In fact, each Commissioner will have his or her own particular key dislikes in the articles that come for review. I really hate headlines that bear minimal relation to the stories that follow them, and above all sloppiness – those occasions where the journalist has made barely a half-hearted attempt to get the true story.

Do you think editors should sit on the PCC? What do they bring to the table?

It is right that there is an independent majority of public members of the Commission (10 out of 17) but it's right too that editorial knowledge and expertise are brought to the table. Editors can often be tougher than the lay members because they can spot a lame excuse a mile off. I can tell you that there is no conflict of interest because editors leave the room when there are judgments relating to their own newspaper groups.

What happens at Commission meetings?

We meet every six weeks to consider complaints, and discuss broader issues affecting what we do. Discussions are always vigorous. Commissioners bring their own knowledge and expertise to the table whether police chief, bishop, former MP, academic, union official or newspaper editor. Most of the time, at most of our meetings, you'd find it hard without prior knowledge to identify who was a lay member and who an editor.

The cut and thrust of debate are important, and people change their minds during the meeting, before agreement is reached. One of the most high profile complaints in recent times concerned that much-lamented article written by a columnist about the late singer Stephen Gately. In a parallel universe I'm sure I would have joined in with the fury of the thousands of Twitterers it provoked. But what I personally find tasteless has no relevance to my PCC job. It is not my role, and should not be that of any regulator, to force our respective standards of decency on to anyone else. The PCC doesn't do censorship. Either freedom of expression means the right to publish something unpleasant, or it does not really exist at all.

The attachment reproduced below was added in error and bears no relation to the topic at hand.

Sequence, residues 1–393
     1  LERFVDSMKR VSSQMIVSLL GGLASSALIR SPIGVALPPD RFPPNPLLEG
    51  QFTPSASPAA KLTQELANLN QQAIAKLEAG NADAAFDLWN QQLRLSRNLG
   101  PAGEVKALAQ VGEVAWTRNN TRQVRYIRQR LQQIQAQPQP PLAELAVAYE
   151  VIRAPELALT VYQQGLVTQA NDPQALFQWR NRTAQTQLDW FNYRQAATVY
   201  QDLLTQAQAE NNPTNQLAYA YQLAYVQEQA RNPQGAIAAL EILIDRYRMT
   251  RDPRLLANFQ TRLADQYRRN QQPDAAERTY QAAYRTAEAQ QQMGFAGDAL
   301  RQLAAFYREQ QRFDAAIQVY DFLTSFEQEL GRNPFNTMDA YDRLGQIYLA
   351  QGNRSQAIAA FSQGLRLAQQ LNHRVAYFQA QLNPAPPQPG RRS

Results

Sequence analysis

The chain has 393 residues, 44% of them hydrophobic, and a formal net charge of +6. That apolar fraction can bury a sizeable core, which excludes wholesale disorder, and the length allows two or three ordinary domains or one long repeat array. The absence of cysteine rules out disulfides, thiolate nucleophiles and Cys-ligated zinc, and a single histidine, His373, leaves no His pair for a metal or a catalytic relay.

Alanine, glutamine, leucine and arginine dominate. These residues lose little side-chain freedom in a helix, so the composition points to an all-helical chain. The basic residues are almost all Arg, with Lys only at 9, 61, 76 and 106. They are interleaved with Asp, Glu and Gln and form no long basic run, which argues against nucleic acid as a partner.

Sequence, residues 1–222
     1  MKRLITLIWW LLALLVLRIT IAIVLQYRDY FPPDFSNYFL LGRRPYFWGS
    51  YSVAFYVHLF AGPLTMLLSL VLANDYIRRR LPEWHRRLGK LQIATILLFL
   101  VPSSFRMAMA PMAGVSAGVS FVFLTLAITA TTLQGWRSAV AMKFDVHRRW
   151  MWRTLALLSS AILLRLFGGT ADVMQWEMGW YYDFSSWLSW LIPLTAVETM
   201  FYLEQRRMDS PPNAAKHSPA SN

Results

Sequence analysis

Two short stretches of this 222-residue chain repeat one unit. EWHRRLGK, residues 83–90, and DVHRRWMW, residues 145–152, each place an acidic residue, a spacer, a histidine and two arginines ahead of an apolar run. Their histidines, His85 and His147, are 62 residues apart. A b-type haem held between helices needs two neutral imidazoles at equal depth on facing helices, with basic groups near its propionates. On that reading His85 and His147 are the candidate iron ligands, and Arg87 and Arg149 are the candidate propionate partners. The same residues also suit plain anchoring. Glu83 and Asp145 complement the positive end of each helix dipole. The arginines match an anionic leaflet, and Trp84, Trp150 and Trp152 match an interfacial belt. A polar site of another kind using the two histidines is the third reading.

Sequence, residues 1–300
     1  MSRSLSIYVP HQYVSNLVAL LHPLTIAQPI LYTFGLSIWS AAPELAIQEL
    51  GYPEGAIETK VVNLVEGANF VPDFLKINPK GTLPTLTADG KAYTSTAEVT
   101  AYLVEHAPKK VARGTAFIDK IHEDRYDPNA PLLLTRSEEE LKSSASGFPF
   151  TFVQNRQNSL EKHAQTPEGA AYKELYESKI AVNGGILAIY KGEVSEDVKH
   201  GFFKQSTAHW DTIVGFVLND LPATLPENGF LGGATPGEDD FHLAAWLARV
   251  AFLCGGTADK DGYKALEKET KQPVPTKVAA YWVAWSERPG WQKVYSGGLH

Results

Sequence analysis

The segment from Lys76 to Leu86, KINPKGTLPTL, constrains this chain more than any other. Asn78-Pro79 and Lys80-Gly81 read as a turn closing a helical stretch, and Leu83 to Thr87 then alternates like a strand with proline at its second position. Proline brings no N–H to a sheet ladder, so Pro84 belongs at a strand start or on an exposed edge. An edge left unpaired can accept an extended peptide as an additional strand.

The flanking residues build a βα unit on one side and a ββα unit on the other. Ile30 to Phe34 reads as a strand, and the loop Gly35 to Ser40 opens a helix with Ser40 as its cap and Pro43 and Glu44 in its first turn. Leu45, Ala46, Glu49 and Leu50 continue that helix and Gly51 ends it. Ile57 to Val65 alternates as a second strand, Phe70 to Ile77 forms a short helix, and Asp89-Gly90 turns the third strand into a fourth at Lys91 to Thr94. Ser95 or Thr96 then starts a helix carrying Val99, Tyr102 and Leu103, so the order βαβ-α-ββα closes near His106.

How would you improve the PCC?

I want it to be better known, and better resourced. I also await keenly the outcome of the independent governance review of the PCC. I must express the hope that we don't go down the road of detailed procedural reforms, much lengthening of the Code, and an appeal and audit structure so refined and complicated – sorry, sophisticated – that the time taken to resolve any particular complaint would probably treble. News happens and photographs are taken in a world that is fluid and fast moving – conditions that suit professional guidelines based on a set of principles rather than prescriptive and exhaustive regulations and bureaucracy. More rules don't always mean less speed, but they certainly would in the case of the PCC.

How would you reassure potential complainants that their concerns will be taken seriously?

I might offer up my wife to reassure them. She has to endure my reactions as I work through the paperwork for each week's complaints from the PCC office, marvelling at the variety of ways in which newspapers can mess up their stories, and – to balance that – the unreasonable expectations of some complainants, such as when they'd like their criminal past to be covered up. Mrs Nichol will confirm that I take my complaints very seriously and very much to heart. To my mind, the hours of robust and principled debate at formal PCC meetings show that all Commissioners share this approach, though not necessarily with the associated destruction of furniture that we see in the Nichol household.

2010 Press Complaints Commission